USC Dental Plan contested
Debate and uncertainty were the focus of last night's University Students' Council meeting, as the legitimacy of the recently passed student dental was debated amidst a flurry of political bickering.
The commotion erupted as two posted motions were presented the first motion called for the USC bylaw that bound the USC to the results of the Feb. 19 referendum in favour of the dental plan to be overturned. The motion failed, with four voting for the motion, 46 against and two abstaining.
"We are for the students, but the USC exists is relative to our bylaws. We have to look at our bylaws as criminal law if we suspend our laws, then why do we have them," stated King's College councillor Mike Heilandt.
"The bylaws of the USC are the very root of the organization; they flow directly from the letters patented of the USC and are designed to bind the actions of the corporation," asserted USC president Chris Sinal, noting bylaws are what make the USC accountable to the student population.
"You can't run a corporation and suspend bylaws when you don't like them," said Anatoly Dvorkin, legal affairs officer for the USC.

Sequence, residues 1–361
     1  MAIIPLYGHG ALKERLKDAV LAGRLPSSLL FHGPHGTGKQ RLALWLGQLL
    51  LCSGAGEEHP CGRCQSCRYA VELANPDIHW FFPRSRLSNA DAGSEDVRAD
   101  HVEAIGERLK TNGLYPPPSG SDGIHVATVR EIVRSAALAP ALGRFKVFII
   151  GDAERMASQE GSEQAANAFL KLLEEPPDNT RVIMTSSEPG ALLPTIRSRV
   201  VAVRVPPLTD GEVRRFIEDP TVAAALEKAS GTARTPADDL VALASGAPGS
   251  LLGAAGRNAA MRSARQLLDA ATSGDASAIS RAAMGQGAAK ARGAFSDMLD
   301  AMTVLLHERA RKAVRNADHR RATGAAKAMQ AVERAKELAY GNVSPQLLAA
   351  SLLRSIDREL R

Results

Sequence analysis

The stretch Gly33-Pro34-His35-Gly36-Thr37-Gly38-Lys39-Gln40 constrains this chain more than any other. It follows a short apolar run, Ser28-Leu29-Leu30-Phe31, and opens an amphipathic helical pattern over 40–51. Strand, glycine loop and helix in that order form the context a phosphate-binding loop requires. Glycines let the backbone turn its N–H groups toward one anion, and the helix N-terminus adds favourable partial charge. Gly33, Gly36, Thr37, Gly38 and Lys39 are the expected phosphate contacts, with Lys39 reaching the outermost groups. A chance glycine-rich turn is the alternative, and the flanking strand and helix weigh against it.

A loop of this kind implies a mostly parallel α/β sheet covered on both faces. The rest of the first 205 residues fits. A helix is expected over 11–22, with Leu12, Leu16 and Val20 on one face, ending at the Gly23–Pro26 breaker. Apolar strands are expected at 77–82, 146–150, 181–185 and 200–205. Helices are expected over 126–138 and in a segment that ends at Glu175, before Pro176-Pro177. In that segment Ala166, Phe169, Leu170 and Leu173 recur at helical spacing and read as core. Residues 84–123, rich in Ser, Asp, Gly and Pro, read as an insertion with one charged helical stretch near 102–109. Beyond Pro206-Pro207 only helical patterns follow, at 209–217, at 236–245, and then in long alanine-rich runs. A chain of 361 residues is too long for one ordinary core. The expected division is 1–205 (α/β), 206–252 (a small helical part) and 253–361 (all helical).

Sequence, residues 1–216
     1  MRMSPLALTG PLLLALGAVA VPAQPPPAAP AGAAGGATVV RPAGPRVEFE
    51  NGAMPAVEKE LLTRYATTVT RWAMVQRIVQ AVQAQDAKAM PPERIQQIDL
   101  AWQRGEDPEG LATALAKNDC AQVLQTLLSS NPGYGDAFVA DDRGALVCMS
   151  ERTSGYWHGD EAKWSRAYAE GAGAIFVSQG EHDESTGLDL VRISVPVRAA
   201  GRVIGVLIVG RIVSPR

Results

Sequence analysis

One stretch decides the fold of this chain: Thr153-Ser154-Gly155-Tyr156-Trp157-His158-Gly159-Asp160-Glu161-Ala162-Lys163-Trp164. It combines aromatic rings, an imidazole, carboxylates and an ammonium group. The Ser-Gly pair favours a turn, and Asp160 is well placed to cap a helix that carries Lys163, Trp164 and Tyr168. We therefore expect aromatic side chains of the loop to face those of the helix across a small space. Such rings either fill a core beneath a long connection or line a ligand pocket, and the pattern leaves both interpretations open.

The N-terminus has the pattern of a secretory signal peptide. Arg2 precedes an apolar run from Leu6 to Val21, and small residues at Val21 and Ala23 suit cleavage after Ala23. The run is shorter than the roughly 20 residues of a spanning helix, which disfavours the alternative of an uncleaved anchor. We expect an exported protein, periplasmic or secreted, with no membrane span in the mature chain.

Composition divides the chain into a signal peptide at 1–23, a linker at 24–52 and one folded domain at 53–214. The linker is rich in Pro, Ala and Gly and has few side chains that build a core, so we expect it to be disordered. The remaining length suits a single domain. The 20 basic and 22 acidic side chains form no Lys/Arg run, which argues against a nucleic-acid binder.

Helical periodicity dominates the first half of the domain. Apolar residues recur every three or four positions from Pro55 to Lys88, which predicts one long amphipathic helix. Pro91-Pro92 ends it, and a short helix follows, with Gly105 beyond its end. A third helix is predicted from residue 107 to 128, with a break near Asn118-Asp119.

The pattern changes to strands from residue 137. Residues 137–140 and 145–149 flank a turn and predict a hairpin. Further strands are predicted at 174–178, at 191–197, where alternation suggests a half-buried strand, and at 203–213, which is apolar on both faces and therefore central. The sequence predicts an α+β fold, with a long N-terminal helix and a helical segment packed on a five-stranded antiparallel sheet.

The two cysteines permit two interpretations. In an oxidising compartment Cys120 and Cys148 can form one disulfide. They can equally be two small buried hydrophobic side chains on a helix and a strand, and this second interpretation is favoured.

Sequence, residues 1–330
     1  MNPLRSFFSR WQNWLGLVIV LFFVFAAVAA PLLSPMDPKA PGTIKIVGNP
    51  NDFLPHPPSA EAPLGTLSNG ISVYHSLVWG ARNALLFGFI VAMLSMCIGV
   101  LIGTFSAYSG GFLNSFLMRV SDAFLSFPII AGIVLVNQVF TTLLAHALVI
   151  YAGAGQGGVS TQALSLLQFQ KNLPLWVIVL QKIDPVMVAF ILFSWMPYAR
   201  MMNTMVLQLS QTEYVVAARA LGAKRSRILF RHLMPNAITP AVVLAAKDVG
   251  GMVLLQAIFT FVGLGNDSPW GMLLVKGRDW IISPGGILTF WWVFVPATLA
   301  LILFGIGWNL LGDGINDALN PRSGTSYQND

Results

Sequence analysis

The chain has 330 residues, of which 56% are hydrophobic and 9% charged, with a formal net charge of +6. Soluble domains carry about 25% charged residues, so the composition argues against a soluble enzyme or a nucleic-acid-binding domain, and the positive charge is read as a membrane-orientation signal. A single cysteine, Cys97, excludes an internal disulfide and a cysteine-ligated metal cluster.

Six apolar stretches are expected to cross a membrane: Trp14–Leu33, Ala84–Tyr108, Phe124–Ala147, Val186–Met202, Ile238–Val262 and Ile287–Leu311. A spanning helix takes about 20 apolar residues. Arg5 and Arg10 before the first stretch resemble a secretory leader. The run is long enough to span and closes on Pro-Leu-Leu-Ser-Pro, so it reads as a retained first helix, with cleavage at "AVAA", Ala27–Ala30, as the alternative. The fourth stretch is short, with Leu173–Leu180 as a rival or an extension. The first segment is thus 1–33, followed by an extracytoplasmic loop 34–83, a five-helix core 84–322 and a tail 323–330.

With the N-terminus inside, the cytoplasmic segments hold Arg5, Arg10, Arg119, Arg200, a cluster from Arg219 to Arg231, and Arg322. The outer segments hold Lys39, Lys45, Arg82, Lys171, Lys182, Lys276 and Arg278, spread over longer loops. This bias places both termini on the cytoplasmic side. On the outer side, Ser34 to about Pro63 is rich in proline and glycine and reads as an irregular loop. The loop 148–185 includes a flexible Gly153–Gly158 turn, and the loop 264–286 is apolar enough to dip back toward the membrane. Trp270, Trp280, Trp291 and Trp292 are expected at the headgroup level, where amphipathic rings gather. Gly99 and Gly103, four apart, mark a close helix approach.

The second posted motion presented at the USC meeting concerned the validity of the results of the dental plan referendum held during last month's presidential elections.
The issues that prompted the presentation of the motion included the rationale that the 20 per cent student quorum on referendums was not met, the technical problems experienced by the Web site during voting and the lack of a policy expressing the needed voting majority and the initial phrasing of the referendum question, which was changed during the vote.
"We have doubts about majority, we have doubts about the quorum and we have doubts about the campaign all we have are doubts," said law councillor Yuri Chumak.
"There's an accountability of the [USC] Elections Committee we must make sure the whole process isn't co-opted by [them]," said science councillor Angela Laughton.
"[The Elections Committee has] done nothing to call their integrity into question," Heilandt contended.
"We would seek further legal advice because we want to make sure we are doing the right thing," Dvorkin said, adding that, whether the motion was passed or not, legal advice would still be sought to make certain that the motion did not break any USC bylaws. If any bylaws were in fact broken, then the USC Board of Directors has the authority to override the decision of the council, he added.
The debate over the second bill continued late into the evening, exceeding
The Gazette's publication time. Extended coverage will be found
in this Friday's edition.